Barrett also said she could not express an opinion on climate change because it was a “very controversial public policy issue”. Asked by Senator Kamala Harris, D-Calif., The party’s running mate, Barrett called climate change “politically controversial,” adding that discussion of the issue is “incompatible with the judicial role as I l ‘explained’.

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SCOTUS Candidate Amy Coney Barrett Says “Judges Are Not Royal Queens”


SCOTUS Candidate Amy Coney Barrett Says “Judges Are Not Royal Queens”

Scientists claim that climate change is being caused by people burning fossil fuels such as coal, oil and natural gas and is worsening sharply. The parched lands of the American West are increasingly drier and suffering from deadly wildfires, while the much wetter east continues to be inundated with hurricanes and other mega-rains. Climate change amplifies both extremes.

Breakthrough for conservative women

Graham opened Wednesday’s hearing by proclaiming that Barrett’s awaited confirmation was a historic victory for conservative women. Like “conservatives of color”, conservative women, he said, are often “marginalized” in public life.

“This hearing, for me, is an opportunity not to break through a glass ceiling but a reinforced concrete barrier around conservative women,” Graham told Barrett. “You are going to break this barrier. “

Graham said he had “never been more proud of a candidate” than Barrett, a judge on the Indiana Federal Court of Appeals. “This is the first time in American history that we name a woman who is unabashedly pro-life and embraces her faith without excuses, and she goes to court. This is history, my friends.

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Amy Coney Barrett answers Democrats’ questions on day two of hearings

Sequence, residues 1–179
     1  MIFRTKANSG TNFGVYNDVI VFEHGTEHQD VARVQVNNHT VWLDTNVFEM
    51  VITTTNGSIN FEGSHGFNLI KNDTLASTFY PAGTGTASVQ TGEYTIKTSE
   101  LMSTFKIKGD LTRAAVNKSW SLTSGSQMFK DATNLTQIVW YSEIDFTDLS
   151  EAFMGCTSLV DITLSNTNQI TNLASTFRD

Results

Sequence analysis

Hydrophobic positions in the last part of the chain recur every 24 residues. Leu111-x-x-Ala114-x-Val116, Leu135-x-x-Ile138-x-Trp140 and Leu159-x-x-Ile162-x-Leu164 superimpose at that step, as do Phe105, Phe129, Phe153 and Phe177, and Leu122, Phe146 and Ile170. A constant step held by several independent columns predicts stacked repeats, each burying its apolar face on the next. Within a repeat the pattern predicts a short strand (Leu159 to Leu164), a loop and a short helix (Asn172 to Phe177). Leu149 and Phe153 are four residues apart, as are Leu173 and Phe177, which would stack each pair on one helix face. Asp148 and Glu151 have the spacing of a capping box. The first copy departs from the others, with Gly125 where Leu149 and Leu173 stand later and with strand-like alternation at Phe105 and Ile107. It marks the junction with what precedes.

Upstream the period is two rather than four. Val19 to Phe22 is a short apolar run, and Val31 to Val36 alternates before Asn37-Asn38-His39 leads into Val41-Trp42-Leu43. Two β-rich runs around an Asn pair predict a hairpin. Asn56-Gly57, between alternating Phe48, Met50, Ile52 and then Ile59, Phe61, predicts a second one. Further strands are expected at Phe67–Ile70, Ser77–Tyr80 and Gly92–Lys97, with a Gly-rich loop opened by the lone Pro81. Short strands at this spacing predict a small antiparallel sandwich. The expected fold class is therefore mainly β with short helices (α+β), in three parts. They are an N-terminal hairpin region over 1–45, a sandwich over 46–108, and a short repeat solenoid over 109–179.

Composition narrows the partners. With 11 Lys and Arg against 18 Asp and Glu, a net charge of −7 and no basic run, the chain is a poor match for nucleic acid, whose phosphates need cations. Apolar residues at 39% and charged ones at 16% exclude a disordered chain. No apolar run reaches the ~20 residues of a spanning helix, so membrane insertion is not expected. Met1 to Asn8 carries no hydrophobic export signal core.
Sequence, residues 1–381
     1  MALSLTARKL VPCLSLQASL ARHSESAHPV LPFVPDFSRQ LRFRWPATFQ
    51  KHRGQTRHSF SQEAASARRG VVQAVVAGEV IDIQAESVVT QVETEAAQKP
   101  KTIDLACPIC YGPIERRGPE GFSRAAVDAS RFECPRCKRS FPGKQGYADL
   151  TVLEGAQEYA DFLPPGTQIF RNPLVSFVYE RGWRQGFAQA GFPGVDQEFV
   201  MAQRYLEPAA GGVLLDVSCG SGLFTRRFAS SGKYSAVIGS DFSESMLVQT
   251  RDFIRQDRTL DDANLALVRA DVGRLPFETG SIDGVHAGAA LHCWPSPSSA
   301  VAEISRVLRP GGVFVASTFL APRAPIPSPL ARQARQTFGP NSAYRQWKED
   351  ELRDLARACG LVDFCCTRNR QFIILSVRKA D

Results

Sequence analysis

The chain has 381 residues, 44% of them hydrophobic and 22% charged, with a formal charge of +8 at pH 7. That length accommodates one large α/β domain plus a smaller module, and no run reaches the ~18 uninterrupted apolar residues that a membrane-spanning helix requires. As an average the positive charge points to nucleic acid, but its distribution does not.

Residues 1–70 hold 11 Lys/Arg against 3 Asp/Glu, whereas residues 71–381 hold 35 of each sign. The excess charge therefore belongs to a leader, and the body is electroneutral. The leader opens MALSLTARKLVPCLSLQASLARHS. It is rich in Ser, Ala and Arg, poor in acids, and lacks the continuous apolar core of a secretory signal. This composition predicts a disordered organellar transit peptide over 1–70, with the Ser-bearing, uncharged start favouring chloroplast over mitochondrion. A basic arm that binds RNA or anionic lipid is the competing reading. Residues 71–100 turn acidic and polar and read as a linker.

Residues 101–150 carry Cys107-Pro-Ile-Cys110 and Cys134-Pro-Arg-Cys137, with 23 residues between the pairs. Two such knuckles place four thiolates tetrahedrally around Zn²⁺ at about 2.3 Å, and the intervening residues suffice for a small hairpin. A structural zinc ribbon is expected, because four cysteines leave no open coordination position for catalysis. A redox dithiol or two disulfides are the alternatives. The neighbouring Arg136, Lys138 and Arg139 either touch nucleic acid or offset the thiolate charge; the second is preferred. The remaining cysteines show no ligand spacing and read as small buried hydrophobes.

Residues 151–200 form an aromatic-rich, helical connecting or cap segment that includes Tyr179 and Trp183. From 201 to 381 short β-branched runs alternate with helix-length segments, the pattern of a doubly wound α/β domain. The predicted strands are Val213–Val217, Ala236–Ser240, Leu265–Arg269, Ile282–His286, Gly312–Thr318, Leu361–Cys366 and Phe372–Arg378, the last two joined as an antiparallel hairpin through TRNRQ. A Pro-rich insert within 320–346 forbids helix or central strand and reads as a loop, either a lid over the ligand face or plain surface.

Barrett declined to comment on how she would rule on a challenge to the Roe v. Wade who established the right to abortion, but made it clear that she opposed the right to abortion and signed a 2006 letter opposing “abortion on demand”.

Changing the balance of the Supreme Court

Senator Chris Coons, D-Del., Asked Barrett if she would admit that her confirmation would mean a shift to the right of the Supreme Court that would have “profound” implications.

Coons referred to an interview Barrett gave in which she spoke of a shift in balance if Merrick Garland, a 2016 federal appeals judge appointed by President Barack Obama, was elevated to the high court. Obama picked Garland after Judge Antonin Scalia died, but Senate Republicans refused to give Garland a hearing, citing the presidential election within months of the year.

Barrett told Coons she was referring in the interview to Garland’s judicial approach, not his more liberal views. Unlike conservative Scalia, Garland was not an originalist, which refers to a way of interpreting the Constitution that focuses on the text and the intentions of the Founding Fathers in resolving legal disputes.

“It would be moved away from one balance and towards another in terms of how the judges perceive the text,” said Barrett, who like Scalia is an originalist.

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Coons noted that Barrett, who claims Scalia as his mentor, would replace Judge Ruth Bader Ginsburg, who was not an originalist and was the liberal leader of the court. Barrett’s confirmation would move the court’s previous 5-4 Conservative majority to 6-3.

Americans need a better understanding of the originalist philosophy, Coons said, “because I think it means that all of our modern understanding of certain constitutional commitments around freedom, privacy, and equality under the law could , in fact, to be brought back to 19th or even 18th century understandings. in a way that most Americans cannot recognize. ”

Noises of silence

The hearing was interrupted twice on Wednesday due to audio problems in the Dirksen Senate building. The sound in the courtroom went off shortly before 2 p.m. and was muted for 40 minutes. He cut himself off again after the hearing resumed, this time for about 15 minutes.


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The problem first occurred right after Senator Richard Blumenthal, D-Conn., Asked Barrett if she had rested after a long day of questioning on Tuesday. “I had a glass of wine. I’ll tell you, I needed this at the end of the day, ”she said.

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On this point, “You have the right to remain silent,” Blumenthal told Barrett.

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Associated Press editor Colleen Long contributed to this report.

© 2020 The Canadian Press